• The definition of what needs to be created to qualify for payment by publishers is way too broad. In defining qualifying news as “news read by a Californian,” it would include any manner of national/global content put out by anyone on the internet.
  • The formula for payment with CJPA is flawed, probably unworkable and will accrue benefit most to legacy publishers who used to create a lot of local content, but no longer do. On the surface, the proposed formula of using “links,” in part to determine payment, provides large credit for stories already published, years ago. The bill shows a fundamental lack of understanding of how search engines work, and the credit they receive for long-standing publishing, even to publishers who have cut well back on what they produce. In addition, the use in the formula of “platform advertising revenue” is probably unworkable.

While this act aims at today’s (and yesterday’s) publishing landscape, consider that artificial intelligence and machine learning are already starting to change the nature of publishing. And in the case here, such tech tools can create essentially infinite links. What we need to value is real local news — not links, as their proxy.

  • The newspaper chain recipients of such funding are in survival, lifeboat mode. Four companies that now control 50% of American daily newspaper circulation are all embarked on the same “squeeze out the last profits, and then turn the lights off” business strategy. Some don’t mind being referred to as vultures; others display prettier public plumage, but importantly employ the same wind-it-down tactics. The major losses recently reported by Gannett, which itself controls 25% of circulation, certifies how quickly the final days of the print chains are coming.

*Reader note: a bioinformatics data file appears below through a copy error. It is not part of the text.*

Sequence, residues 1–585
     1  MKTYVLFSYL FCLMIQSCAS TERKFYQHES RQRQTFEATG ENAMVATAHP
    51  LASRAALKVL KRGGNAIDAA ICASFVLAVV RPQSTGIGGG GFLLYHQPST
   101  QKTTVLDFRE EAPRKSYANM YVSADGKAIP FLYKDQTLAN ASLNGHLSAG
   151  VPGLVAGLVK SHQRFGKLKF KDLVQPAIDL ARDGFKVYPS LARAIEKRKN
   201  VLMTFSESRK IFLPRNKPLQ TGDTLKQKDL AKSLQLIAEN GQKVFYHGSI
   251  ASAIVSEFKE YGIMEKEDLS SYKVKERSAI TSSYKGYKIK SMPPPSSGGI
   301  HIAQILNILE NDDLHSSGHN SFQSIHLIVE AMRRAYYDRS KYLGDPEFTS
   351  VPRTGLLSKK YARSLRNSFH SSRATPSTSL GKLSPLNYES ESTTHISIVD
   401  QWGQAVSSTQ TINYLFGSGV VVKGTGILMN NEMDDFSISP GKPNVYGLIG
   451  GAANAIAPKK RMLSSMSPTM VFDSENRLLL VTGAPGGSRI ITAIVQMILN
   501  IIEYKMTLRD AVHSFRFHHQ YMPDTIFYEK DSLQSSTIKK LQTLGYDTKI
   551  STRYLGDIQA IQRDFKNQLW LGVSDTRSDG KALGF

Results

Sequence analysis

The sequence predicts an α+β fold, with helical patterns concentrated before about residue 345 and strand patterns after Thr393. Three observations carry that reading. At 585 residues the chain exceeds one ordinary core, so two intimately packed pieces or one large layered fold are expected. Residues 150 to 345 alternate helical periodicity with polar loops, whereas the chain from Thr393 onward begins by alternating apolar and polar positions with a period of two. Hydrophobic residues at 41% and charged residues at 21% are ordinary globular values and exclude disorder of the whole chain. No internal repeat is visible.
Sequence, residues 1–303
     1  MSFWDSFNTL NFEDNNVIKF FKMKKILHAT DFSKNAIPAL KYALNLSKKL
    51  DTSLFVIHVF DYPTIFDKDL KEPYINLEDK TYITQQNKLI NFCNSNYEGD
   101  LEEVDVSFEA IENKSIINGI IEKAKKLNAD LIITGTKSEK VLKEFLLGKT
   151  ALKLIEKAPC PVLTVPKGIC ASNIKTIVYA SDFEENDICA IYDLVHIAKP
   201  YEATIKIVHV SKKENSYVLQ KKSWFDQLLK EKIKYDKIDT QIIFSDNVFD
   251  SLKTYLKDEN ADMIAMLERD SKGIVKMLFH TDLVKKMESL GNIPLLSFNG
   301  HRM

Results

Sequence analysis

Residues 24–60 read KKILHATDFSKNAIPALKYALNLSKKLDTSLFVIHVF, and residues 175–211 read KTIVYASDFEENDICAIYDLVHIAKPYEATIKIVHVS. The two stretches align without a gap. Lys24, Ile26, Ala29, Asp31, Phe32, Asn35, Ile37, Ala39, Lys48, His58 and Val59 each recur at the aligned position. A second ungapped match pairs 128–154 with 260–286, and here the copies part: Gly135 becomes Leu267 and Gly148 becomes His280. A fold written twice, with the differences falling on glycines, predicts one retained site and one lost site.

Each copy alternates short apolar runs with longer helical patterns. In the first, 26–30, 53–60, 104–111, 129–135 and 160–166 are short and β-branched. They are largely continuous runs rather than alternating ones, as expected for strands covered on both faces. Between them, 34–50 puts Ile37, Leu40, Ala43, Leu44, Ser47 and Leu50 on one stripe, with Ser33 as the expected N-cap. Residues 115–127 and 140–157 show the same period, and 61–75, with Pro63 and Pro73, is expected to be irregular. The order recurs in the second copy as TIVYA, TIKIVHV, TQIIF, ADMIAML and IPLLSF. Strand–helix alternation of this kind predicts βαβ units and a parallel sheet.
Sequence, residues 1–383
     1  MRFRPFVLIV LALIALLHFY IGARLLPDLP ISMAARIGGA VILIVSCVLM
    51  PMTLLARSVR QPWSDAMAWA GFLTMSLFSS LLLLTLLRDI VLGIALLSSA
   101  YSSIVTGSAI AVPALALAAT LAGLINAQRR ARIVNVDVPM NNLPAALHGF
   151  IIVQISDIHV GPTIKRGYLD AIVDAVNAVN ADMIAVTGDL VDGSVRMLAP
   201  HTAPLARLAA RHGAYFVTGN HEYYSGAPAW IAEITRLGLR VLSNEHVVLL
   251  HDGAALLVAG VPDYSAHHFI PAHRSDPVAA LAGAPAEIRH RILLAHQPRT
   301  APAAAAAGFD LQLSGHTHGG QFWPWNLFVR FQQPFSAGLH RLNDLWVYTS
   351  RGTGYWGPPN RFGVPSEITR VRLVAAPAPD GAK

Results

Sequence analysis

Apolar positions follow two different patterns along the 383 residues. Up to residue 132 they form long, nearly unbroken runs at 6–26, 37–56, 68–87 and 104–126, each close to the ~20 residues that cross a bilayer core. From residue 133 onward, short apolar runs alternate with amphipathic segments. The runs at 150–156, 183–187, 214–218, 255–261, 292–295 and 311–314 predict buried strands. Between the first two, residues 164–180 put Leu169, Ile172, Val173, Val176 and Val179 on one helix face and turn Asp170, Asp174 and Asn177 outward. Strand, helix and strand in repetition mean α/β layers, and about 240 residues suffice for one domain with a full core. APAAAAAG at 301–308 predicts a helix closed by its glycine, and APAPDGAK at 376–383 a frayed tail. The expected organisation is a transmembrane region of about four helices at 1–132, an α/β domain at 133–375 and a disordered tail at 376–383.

• New revenue streams that might be gained by these companies won’t make a signal difference in the only metric that matters: how many journalists are working to cover local communities. The amounts estimated will not turn around companies that are losing millions of dollars; they will allow these companies only to better their own finances, without sufficient commitment required to increase the supply of local news. In fact, the chains’ ability to take money that will increase their profits — but not their journalism — will be hard to police post passage.

In conclusion, let’s note the wider landscape here. The history of the platforms’ impact on the press — globally and locally — is unmistakable and nuanced. In my work, I have traced the decline of the American daily newspaper as far back as 1955, when it reached its apex in household penetration.

Yes, the platforms’ transformative business models hurt the press, but so had TV, cable TV, changing demographics — and the stubborn resistance of too many newspaper companies to adapt to emerging business realities and more diverse audiences. Prying money loose from these companies to “support the press” might seem like a good headline, but in fact distorts free markets.

Those markets can — and are beginning to — operate well. In Santa Cruz, in Berkeley, in Oakland and in Long Beach, newer entrants have made a significant impact, providing a new generation of local news. Let’s together build a generation of trustworthy local news, supported by readers, local businesses, and the state, with such programs as the Fellows.

Thank you for your consideration.